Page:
Final 2015 MLB Power Rankings: Kansas City takes the crown


Final 2015 MLB Power Rankings: Kansas City takes the crown

We'll admit it, we were wrong to doubt the Kansas City Royals.

In our preseason power rankings, we had the then-defending American League champs ranked No. 20 -- one spot behind the New York Mets, whom the Royals knocked off in five games to win their first World Series since 1985.

But the Royals swept the White Sox to begin the season and never stopped winning, going 95-67 in the regular season, storming back to beat the Astros in the ALDS and muting Toronto's power to reach the World Series. There, Kansas City became the first American League Central team to win the World Series since the White Sox in 2005. And in the process, hopefully every Royals player and staff member earned free Z-Mans for life from Oklahoma Joe's.

With that,'s Tony Andracki and JJ Stankevitz bring our 2015 MLB power rankings to a close. We'll see you next spring.

Stay tuned for updated rankings every Monday throughout the 2015 campaign. Here's where we're at so far: Preseason rankings | Week 1 | Week 2 | Week 3 | Week 4 | Week 5 | Week 6 | Week 7 | Week 8 | Week 9 | Week 10 | Week 11 | Week 12 | Week 13 | Week 14 | Week 15 | Week 16 | Week 17 | Week 18 | Week 19 | Week 20 | Week 21 | Week 22 | Week 23 | Week 24

Rank Team
Last ranking Comment
1 5

Eric Hosmer’s hair-on-fire game-tying score in Game 5 perfectly summed up the world champs: Aggressive and never giving up. It also helped this team had the highest contact rate (81.9%) of any team in 2015, which was an antidote to the Mets’ power pitching.

2   6

What a miracle season for the Mets, who made it just three wins away from a championship despite entering the season with very little expected of them. A core of young pitching will help keep them competitive for years to come, but Daniel Murphy is about to become a free agent (and we know he won't hit like that forever) and Yoenis Cespedes is not expected to re-sign, either.

3 3

The American League’s most exciting team — seriously, that Jose Bautista bat flip was awesome — deserves plenty of credit for reaching the playoffs for the first time since 1993. But the drama with departed GM Alex Anthopolous is ridiculous, and leaves this franchise in limbo entering the offseason.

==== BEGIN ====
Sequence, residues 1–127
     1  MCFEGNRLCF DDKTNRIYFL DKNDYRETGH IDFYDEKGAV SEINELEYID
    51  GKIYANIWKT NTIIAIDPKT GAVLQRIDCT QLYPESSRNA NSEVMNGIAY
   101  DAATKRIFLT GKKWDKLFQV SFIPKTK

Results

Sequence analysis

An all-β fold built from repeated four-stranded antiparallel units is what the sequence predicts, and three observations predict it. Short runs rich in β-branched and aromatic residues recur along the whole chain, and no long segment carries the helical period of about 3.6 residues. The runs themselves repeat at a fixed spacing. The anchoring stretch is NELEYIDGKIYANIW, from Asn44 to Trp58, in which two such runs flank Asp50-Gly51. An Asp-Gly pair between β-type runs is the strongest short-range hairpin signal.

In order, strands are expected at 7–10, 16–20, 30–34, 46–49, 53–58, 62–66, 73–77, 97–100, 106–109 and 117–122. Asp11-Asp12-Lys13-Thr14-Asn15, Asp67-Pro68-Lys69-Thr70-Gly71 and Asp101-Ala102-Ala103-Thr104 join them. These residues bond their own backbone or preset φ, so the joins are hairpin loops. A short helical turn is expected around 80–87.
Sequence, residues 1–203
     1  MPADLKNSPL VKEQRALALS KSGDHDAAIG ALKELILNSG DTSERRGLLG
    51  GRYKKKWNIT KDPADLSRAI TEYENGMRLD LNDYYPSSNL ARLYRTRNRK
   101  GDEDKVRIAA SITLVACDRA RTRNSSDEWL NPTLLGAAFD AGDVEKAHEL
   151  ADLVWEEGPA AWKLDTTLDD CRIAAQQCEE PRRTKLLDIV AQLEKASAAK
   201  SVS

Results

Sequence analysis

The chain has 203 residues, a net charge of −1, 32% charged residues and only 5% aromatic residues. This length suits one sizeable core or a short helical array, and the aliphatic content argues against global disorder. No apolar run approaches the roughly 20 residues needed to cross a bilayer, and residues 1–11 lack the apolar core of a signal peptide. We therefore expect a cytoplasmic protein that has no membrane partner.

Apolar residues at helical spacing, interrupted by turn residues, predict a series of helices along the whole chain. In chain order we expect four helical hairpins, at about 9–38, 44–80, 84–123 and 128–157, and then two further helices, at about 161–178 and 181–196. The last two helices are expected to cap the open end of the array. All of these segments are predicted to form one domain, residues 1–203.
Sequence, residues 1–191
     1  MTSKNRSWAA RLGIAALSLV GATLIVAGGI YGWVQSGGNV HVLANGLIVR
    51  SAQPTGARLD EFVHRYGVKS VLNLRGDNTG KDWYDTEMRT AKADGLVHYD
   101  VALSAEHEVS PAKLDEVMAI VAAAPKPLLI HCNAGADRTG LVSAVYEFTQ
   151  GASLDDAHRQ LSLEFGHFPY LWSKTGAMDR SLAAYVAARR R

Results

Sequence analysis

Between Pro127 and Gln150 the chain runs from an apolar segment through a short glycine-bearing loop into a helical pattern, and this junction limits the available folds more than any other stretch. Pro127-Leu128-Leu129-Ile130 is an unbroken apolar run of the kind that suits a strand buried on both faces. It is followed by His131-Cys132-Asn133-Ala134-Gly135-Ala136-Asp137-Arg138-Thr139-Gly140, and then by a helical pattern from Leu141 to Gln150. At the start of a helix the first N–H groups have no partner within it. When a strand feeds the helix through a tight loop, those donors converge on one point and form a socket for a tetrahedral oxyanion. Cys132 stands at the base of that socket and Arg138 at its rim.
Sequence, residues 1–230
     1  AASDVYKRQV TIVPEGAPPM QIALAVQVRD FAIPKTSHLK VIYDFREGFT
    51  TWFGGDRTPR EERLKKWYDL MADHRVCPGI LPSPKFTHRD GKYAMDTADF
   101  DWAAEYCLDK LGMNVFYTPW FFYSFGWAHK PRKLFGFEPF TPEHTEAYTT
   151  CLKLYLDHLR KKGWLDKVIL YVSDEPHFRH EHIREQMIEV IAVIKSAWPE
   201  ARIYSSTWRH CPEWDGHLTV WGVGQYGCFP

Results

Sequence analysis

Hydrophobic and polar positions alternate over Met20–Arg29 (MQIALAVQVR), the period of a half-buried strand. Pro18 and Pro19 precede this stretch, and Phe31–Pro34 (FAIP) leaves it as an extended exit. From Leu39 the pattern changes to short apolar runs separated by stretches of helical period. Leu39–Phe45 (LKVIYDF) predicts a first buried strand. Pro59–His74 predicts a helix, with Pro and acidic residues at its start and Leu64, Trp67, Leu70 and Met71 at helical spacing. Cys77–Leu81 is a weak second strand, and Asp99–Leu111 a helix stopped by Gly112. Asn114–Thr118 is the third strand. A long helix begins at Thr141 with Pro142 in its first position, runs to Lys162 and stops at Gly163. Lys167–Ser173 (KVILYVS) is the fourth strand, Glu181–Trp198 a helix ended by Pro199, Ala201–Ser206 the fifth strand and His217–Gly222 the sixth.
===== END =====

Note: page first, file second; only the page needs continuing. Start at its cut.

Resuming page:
4   4

Cubs-Mets NLCS next year is an extremely popular prediction, but it's so much fun to think about a rematch, especially with another year under the belt for Cubs' young hitters and Mets' young pitchers.

5 1

They might've won 100 games, but they limped into the playoffs and were upstaged by the Cubs and Mets in the NL side of the postseason bracket. Of course, they'll be right back in the thick of things next season because they're the Cardinals.

6 2

A great team had just one game to try to beat the best pitcher in the universe and crack the playoff bracket, but they will get another shot to contend in 2016.

7 11

The franchise thought to still be in rebuilding mode surprised everyone by making aggressive deadline moves, reaching the playoffs and pushing the Royals to the brink of elimination in the ALDS. Fix the bullpen and this is a team that’ll contend for years in the AL West.

8 8

They may lose Zack Greinke, but the core pieces are still there and they have plenty of $$ to toss at the top free agents like David Price.

9 9

Won a thoroughly mediocre division thanks to an August/September surge. Cole Hamels wasn’t a one-year rental, either; he’s under team control through 2019.

10 7

Credit the late-career renaissances of Mark Teixeira, Alex Rodriguez and Carlos Beltran for pushing the Yankees into the AL Wild Card game.

11 11

They win World Series every two years, so you can already pencil them in as 2016's champion.

12 10

Totaled 18.3 WAR from its position players (18th in MLB) despite having Mike Trout (9 WAR, 2nd in MLB).

13 14

A team with the best player in the NL (Bryce Harper) and some of the best pitchers in the game (Stephen Strasburg, Max Scherzer) shouldn't be too far from contention, no matter how disappointing the end of the 2015 season was.

14 13

Valiant effort to finish over .500 and make a legitimate push for a wild card spot. Continuing this success into 2016 won’t be an easy task, though.

15 15

Biggest win of the season was probably trading away Nick Swisher and Michael Bourn.

16 17

They were right there in the AL Wild Card race the morning of Aug. 20, then lost 15 of their next 18 games.

17 19

Somewhat concerning is Evan Longoria’s regression during his prime: Has a pedestrian .744 OPS since the start of 2014 with 43 home runs; had an .870 OPS with an average of 27 home runs per season from 2008-2013.

18 18

Young core of position players will make this team a popular "sleeper" pick as a contender in 2016. They just need to add some pitching.

19 16

Big-money offseason acquisitions Pablo Sandoval and Hanley Ramirez combined for -2.8 WAR, while Wade Miley and Rick Porcello failed to stabilize a bad starting rotation.

20 21

Entered the year as our No. 1 American League team. Adding Nelson Cruz to the middle of the lineup, despite how well he hit the ball, turned out to not help much.

21 22

The slow starts of Adam Eaton and Melky Cabrera, and the August implosion of Jeff Samardzija, crippled any hope the White Sox had of making the playoffs via a mediocre wild card race.

22 20 They won the offseason before 2015 and wound up with a wildly disappointing campaign. Expect them to be a lot more under the radar this winter and bounce back with a solid 2016. Because baseball works that way.
23 23

Did well to get Daniel Norris from Toronto in the David Price deal, but is there enough talent here to make one more playoff run?

24 24

If they get a full year of Giancarlo Stanton and Jose Fernandez, anything can happen. Oh yeah, and they don't have their GM running the show from the dugout, either, so that's gotta help.

25 26

Trading away Josh Donaldson looks like one of the biggest busts of the Billy Beane era.

26 27

After everything went right for the Brewers for the first four months or so of 2014, they've come crashing back to Earth the last 14-15 months. Milwaukee's luck will likely even out a bit in 2016, but they still only have a handful of core pieces still around.

27 25